A way I have discovered to learn about the Middle East that exists beyond the headlines and the news coverage on CNN is to read books by its novelists and short story writers, which I've been doing ever since I read Azar Nafisi's Reading Lolita in Tehran: A Memoir in Books. This book tells of teaching American and British fiction to Iranian students during the first years of the Islamic Republic. Nafisi argues that reading novels helps you understand and appreciate the experience of individuals within other cultures and subcultures. That is the argument of this list: that people in other countries come to life for us as living, breathing human beings when we read fictional narratives set in those countries - they stop being the stereotypes of news coverage, politicians, and media commentators.
First off, fiction is more of a Western invention than a product of the Middle East, which has a centuries-long tradition of poets and poetry instead. When Middle Eastern writers write fiction, they are often writing at least in part for a Western audience. Some Middle East writers in fact live in the West, as part of a global diaspora of Arabic, Farsi, Hebrew, Pashto, Dari, Urdu, Turkish and other speakers. Some even write in English. The following is a sampling of fiction and memoirs from and about countries in the Middle East:
IRAN A classic of Iranian literature is the surrealistic novel The Blind Owl, which portrays a dream-like world full of puzzling images and fantasy. A modern classic is Touba and the Meaning of Night (Women Writing the Middle East) by Shahrnush Parsipur, which with elements of magical realism tells the life story of a free-thinking woman constricted by the limits of traditional roles for women. Her novella "Women Without Men" also addresses the oppression of women.
PAKISTAN Two brilliantly written novels fresh from Pakistan are the satiric A Case of Exploding Mangoes by Mohammed Hanif, which belongs on a bookshelp next to Heller's "Catch-22", and In Other Rooms, Other Wonders by Daniyal Mueenuddin, a fine collection of interrelated short stories. Also of note is Mohsin Hamid's The Reluctant Fundamentalist, which explores the subject of Middle Eastern identities as perceived by Westerners.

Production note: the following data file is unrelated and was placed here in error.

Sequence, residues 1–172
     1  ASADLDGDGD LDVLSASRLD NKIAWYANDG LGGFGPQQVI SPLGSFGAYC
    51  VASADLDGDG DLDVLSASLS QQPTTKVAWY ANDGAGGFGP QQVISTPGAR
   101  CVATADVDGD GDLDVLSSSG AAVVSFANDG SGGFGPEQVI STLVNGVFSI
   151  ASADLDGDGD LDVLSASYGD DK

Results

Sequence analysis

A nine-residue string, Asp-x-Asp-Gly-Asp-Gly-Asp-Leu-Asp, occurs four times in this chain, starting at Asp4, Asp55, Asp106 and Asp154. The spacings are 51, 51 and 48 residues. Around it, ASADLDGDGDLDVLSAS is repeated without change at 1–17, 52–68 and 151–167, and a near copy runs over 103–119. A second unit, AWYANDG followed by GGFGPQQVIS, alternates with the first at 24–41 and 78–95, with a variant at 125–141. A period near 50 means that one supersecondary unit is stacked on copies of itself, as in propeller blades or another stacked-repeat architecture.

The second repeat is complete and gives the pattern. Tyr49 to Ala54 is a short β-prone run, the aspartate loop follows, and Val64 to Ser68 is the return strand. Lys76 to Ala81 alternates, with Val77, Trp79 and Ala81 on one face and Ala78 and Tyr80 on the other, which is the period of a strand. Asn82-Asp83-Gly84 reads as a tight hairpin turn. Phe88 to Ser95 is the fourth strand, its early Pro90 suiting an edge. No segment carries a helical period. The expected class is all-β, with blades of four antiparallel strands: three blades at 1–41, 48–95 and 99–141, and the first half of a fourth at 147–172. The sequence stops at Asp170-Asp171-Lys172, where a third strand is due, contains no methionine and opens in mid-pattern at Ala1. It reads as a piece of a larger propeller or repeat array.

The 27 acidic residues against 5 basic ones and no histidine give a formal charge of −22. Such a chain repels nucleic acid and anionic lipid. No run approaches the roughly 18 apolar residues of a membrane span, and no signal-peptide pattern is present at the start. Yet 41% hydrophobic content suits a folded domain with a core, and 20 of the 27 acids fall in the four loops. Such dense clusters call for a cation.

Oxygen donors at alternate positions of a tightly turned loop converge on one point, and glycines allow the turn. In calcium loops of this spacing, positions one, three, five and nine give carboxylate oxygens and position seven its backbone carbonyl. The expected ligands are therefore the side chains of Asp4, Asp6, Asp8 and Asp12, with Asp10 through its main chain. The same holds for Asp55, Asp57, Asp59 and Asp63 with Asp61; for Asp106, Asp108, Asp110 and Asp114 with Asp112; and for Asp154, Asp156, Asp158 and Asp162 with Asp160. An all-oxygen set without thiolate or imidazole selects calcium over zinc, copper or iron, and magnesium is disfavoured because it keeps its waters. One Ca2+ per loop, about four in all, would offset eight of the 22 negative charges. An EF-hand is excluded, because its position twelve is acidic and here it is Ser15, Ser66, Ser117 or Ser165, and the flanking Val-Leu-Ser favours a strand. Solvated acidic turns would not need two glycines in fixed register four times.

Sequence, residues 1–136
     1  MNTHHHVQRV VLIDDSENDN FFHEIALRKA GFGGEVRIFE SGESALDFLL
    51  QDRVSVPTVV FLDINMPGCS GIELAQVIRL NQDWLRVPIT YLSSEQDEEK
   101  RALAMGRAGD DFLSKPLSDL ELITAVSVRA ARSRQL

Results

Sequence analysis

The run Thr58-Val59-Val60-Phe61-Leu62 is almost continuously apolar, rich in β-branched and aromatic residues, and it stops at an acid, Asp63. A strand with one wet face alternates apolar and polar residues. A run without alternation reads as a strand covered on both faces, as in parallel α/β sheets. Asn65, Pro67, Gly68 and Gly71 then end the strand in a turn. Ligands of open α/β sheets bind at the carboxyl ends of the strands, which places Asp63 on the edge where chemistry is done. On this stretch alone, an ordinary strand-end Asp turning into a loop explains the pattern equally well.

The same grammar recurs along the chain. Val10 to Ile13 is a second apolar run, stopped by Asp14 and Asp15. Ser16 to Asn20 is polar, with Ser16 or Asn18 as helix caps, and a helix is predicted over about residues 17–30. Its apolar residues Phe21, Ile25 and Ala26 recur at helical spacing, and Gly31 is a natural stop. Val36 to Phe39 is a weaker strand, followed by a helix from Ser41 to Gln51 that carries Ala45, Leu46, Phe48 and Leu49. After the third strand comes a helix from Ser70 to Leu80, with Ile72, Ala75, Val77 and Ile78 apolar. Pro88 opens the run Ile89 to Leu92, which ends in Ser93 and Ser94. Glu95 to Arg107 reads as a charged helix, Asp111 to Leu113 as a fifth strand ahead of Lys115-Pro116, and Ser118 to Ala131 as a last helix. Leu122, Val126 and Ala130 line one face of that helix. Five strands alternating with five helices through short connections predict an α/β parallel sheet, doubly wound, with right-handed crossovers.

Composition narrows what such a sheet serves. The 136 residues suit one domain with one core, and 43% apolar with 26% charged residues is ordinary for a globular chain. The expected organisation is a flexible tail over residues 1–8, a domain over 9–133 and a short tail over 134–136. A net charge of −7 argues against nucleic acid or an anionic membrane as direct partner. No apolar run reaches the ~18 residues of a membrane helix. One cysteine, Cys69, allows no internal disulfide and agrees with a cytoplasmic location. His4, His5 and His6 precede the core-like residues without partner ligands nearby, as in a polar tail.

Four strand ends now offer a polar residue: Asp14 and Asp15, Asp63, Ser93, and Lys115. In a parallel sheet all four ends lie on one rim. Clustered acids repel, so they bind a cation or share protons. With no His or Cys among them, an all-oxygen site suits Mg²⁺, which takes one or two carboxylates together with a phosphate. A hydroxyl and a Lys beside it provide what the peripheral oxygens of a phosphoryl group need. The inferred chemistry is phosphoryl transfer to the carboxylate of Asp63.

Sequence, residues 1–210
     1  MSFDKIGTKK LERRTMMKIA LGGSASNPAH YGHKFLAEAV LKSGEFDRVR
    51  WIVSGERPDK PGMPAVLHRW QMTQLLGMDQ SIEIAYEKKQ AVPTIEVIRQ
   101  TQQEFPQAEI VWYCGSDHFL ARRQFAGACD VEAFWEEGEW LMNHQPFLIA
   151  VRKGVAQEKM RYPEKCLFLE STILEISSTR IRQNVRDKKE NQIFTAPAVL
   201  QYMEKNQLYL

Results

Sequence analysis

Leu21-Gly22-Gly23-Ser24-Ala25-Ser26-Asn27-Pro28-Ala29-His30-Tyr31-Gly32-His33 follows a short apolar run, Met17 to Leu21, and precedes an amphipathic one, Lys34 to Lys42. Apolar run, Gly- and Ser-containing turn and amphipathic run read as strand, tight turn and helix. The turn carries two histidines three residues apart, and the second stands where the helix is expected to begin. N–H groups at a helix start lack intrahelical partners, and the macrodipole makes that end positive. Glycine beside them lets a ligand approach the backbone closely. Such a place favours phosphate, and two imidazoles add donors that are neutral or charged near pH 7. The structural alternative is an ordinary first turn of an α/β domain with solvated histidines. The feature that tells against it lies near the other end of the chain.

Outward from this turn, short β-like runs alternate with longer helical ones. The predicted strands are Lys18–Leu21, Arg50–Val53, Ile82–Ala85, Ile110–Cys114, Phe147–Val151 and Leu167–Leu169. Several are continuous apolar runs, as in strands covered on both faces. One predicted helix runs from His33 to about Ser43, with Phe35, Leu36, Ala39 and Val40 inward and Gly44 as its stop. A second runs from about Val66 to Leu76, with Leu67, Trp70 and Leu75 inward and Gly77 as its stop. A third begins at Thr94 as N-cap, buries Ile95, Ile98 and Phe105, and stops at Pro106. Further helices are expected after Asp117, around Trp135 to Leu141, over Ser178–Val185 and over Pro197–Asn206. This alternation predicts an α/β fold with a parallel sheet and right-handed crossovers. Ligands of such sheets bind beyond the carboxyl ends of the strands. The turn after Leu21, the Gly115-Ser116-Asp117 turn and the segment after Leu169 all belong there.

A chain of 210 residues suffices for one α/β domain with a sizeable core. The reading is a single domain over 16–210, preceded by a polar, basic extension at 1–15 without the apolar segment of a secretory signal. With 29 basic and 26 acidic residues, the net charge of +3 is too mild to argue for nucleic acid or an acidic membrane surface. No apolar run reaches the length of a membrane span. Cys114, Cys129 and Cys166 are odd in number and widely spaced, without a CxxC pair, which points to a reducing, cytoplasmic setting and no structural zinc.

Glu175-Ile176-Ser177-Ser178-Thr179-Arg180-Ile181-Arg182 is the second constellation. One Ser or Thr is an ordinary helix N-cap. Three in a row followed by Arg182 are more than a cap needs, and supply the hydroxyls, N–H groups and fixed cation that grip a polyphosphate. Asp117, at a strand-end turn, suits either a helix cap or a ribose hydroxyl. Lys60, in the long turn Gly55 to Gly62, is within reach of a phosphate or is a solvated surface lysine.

ISRAEL Arabic writers in Israel include Shimon Ballas, whose Outcast is a fictional memoir of an Iraqi Jew who converts to Islam. Sami Michael's A Trumpet in the Wadi: A Novel finds a family of Arab Christians with a Russian Jew moving into their apartment building. Three generations of another Arab Christian family have their story told in Anton Shammas' Arabesques: A Novel. Sayed Kashua's somewhat mournful Dancing Arabs concerns a Palestian-Israeli in search of an elusive identity.
Among Hebrew writers in Israel is novelist Amos Oz whose memoir A Tale of Love and Darkness describes his boyhood in the country's early years. Another mainstream novelist is A. B. Yehoshua, whose The Liberated Bride and The Lover are insightful portrayals of the Israeli social order. More nontraditonal, satric, humorous, and thought provoking are the short stories of Etgar Keret; collections include The Nimrod Flipout: Stories. Finally, one of the best books to have been written about young soldiers in wartime is Ron Leshem's Beaufort, set at the end of the occupation of Lebanon.
BOOKS BY OTHERS Set in a fictional oil-rich nation on the Gulf, Leila al-Atrash's A Woman of Five Seasons (Emerging Voices) tells the story of a marriage between an ambitious man who rises to wealth and position, while his wife slowly rebels against the traditional role of an Arab woman.
French-Algerian writer Yasmina Khadra has written a compelling novel about suicide bombers, which takes place in Israel, called The Attack. His other novels about political extremism include "The Swallows of Kabul," set in Taliban-era Afghanistan, and "Wolf Dreams," which is set in Algeria.
An entertaining and informative book of historical fiction by a British writer, is Louis De Bernieres' Birds Without Wings, which describes the fate of a Turkish village at the end of the Ottoman Empire. A broad sweep of 20th-century Afghan history can be found in M. E. Hirsh's big family saga Kabul, which is far superior to Khaled Hosseini's bestseller "The Kite Runner."